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How are RTSEnable and DtrEnable used? I am finding that some balances can communicate with my app but others can't even though the settings match. (baud rate, parity, data bits, stop bits and handshake)

The serial port settings are saved in the configurations file and the idea is to support different combinations of the possible settings, if needed. Normally, our devices are programmed to have handshake = NONE, but in case some odd device can't have handshake=NONE, should I insert a condition such as:

if (serialport.Handshake != NONE) {
    serialport.RTSEnable = true;
    serialport.DtrEnable = true;
}

Or rather, will other handshakes (other than NONE) work without RTSEnable and DtrEnable being set to true?

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up vote 0 down vote accepted

Whether or not hardware handshaking is required is based solely on the serial device you're attaching to. You would have to read the OEM specs for the device and see if the device needs handshaking and if it needs any special handling of RTS or DTR.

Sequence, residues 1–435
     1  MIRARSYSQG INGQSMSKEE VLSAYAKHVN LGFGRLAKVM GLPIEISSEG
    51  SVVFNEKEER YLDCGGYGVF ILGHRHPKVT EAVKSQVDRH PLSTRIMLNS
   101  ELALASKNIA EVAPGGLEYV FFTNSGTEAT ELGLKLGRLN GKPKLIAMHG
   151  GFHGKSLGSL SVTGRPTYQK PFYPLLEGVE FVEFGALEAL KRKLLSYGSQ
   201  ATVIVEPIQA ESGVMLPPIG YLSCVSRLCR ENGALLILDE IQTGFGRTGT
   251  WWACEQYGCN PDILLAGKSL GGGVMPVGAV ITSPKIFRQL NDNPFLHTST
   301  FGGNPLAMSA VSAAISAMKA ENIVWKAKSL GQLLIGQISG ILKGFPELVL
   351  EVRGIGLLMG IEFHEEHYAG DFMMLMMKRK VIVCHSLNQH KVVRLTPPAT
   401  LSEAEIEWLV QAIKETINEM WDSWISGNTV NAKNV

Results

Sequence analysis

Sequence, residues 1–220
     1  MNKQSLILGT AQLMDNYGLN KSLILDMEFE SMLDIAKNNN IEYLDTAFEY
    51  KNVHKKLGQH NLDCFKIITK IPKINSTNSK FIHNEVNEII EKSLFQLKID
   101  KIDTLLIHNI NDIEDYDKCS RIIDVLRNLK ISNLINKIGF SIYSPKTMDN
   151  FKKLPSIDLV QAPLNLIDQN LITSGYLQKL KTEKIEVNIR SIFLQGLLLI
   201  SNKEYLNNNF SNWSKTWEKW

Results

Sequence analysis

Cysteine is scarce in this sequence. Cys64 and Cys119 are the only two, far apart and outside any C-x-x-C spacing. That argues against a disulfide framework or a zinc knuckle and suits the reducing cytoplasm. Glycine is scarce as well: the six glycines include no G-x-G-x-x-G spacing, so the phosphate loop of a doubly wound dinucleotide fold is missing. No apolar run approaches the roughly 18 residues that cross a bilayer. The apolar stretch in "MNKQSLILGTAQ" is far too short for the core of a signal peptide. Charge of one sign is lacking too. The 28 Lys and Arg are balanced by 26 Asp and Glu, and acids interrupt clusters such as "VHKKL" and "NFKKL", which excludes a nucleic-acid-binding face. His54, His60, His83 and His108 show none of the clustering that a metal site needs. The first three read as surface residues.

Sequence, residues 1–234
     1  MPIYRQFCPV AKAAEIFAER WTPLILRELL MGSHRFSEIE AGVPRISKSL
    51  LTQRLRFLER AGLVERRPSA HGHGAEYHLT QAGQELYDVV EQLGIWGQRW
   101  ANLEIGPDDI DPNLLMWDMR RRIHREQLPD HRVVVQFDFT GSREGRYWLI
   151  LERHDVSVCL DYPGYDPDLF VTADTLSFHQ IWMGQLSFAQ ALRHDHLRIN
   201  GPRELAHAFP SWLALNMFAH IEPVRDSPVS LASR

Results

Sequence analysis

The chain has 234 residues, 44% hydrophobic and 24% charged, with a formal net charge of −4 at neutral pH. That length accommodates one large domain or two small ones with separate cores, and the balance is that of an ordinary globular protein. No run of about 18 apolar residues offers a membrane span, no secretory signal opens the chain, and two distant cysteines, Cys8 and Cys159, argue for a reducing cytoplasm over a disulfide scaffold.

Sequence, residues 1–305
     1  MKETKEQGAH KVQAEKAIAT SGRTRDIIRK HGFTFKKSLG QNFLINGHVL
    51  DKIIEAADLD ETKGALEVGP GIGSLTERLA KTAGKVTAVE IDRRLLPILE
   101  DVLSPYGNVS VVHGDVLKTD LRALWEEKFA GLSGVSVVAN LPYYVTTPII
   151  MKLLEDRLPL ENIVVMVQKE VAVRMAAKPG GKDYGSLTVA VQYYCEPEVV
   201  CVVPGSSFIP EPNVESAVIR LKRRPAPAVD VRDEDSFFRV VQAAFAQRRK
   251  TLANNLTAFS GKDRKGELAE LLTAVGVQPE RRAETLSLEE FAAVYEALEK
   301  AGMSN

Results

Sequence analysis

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The serial port settings (baud rate, parity etc) are stored inside a configuration file, so they can be changed. In general all our balances are configured the same, but there are some that aren't. If a device doesn't support Hanshake = None, would it work if I am not setting these flags in my code? – sarsnake Mar 3 '09 at 15:26
    
I guess a better way to ask this would be: if a device is configured to use handshake = none and I am doing serialPort.Open() with Hanshake=None, do I need these set to true? Provided the actual device SUPPORTS hanshake=none, of course – sarsnake Mar 3 '09 at 15:33

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